Posted on January 28, 2022 at 10:00 AM by Sadye Scott-Hainchek
Skyhorse Publishing didn't set out to become the place where discarded manuscripts went for a final chance at traditional publishing.
That has, however, become its reputation, with its issuance of books by Woody Allen and Blake Bailey — both accused of sexual crimes — and upcoming release of an essay collection by Norman Mailer that his previous publisher declined.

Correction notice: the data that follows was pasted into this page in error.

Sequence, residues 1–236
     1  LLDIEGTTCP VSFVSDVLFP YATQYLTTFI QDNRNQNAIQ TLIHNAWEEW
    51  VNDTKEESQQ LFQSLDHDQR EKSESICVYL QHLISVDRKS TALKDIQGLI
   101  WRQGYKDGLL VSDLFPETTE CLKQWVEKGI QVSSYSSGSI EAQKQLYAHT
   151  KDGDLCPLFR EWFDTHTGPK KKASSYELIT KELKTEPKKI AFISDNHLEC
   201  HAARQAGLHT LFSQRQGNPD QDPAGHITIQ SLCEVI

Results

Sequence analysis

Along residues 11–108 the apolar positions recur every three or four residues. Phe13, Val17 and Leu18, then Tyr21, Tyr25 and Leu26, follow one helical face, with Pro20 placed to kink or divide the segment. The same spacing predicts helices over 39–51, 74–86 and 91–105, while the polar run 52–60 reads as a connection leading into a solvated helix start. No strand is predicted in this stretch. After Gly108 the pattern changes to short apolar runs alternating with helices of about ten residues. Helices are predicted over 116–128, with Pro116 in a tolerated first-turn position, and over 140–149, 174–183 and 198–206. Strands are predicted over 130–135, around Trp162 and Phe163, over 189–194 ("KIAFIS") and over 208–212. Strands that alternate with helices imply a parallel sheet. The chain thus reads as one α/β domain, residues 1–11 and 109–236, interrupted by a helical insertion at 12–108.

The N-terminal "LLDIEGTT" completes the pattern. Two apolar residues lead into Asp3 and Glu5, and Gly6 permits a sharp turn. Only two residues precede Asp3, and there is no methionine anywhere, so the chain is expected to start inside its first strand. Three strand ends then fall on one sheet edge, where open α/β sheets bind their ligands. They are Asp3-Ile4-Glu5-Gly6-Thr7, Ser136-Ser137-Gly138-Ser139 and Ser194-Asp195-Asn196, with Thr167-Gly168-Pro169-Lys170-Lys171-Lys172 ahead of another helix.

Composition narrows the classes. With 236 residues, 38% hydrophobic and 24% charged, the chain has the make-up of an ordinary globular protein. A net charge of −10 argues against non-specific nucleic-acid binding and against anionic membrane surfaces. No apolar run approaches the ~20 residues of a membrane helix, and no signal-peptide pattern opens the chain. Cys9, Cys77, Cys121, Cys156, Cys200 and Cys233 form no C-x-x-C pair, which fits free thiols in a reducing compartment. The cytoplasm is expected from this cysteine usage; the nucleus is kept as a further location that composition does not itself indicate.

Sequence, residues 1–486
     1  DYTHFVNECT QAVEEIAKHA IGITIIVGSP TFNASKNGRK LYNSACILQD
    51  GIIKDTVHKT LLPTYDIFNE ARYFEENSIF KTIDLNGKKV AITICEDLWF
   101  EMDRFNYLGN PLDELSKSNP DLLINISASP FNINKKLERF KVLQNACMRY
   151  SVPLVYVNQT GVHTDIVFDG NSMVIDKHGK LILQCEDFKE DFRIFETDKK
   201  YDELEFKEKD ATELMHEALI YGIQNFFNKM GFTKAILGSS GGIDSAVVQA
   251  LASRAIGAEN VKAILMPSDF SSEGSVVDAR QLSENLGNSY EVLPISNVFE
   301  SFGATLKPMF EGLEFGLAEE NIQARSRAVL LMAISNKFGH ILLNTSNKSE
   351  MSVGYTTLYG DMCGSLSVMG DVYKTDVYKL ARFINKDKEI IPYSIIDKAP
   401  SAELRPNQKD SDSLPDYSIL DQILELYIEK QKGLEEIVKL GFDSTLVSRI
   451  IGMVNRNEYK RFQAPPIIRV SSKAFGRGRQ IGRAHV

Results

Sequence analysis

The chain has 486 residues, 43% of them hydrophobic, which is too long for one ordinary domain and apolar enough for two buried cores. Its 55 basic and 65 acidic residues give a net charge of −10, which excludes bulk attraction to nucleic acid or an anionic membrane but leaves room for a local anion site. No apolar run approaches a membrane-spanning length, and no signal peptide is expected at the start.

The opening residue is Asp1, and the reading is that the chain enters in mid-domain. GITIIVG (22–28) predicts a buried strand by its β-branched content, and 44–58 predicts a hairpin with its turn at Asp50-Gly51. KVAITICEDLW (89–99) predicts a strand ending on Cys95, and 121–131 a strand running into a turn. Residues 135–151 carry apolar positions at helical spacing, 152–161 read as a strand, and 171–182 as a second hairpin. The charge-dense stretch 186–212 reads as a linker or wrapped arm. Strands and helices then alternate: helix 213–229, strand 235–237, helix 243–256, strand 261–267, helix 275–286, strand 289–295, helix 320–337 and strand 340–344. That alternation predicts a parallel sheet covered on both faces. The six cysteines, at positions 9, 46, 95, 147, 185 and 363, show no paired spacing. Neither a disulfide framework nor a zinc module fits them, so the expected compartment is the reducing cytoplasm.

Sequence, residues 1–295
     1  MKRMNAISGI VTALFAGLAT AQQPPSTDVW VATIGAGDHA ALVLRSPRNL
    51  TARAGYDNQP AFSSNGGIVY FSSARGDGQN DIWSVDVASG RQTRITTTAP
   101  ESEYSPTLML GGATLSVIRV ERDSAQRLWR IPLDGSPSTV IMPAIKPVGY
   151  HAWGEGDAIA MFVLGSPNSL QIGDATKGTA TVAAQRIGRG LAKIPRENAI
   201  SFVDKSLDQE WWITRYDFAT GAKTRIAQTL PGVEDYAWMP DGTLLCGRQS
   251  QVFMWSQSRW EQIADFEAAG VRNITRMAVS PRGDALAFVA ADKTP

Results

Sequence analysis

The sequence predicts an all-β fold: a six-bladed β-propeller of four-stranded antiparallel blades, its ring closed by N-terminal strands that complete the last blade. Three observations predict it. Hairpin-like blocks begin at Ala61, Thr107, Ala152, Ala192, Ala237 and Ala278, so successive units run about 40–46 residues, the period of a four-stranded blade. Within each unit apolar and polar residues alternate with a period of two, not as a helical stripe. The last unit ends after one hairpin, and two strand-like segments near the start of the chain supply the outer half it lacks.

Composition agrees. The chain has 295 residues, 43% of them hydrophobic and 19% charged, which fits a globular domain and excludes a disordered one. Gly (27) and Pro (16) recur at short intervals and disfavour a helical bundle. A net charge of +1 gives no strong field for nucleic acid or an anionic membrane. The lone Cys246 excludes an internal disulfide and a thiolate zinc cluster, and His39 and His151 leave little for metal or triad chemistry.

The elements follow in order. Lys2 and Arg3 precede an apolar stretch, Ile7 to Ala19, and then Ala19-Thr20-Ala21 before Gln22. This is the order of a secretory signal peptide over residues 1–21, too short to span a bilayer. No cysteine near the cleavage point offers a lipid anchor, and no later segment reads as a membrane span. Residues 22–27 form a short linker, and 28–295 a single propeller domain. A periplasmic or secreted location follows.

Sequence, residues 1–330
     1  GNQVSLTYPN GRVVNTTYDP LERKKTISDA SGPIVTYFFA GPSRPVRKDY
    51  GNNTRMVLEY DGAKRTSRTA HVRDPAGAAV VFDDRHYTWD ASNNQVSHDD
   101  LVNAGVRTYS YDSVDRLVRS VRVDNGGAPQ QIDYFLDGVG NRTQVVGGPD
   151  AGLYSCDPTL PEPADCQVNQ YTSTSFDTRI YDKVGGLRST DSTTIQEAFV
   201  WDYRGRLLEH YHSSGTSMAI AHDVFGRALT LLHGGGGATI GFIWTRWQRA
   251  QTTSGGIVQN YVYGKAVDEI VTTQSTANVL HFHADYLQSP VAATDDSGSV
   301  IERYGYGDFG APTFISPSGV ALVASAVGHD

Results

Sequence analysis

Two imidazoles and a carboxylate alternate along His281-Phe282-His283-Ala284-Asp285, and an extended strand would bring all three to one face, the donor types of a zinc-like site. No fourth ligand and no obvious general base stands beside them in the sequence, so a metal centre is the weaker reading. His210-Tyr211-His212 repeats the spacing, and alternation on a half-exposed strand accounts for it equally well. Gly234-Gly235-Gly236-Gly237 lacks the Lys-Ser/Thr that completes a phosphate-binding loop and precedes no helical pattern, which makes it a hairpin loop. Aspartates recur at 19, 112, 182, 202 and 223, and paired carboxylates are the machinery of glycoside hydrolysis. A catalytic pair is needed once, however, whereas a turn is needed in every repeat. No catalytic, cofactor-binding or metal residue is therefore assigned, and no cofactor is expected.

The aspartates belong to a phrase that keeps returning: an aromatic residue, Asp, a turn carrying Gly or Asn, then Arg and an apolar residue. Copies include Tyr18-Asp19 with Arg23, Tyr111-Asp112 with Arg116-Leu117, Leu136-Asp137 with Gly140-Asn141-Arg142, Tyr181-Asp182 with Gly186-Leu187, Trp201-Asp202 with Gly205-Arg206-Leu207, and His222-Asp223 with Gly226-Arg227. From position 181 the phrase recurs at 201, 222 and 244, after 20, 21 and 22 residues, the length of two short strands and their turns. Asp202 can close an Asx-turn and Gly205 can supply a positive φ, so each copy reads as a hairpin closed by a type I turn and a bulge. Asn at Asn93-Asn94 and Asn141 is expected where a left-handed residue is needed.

The Guardian recently spoke with Tony Lyons, president and publisher at Skyhorse (and the son of its founder), about the house's newfound reputation.
Lyons pointed out, of those three controversial authors, that while one might not like them, they've had an "interesting and culturally significant life" — hence his interest in publishing their work.
(The Guardian does note, however, that there's a low financial risk in taking on these deals.)
For more on Lyons's beliefs about the role of publishers, head to the Guardian.
Categories: Today in Books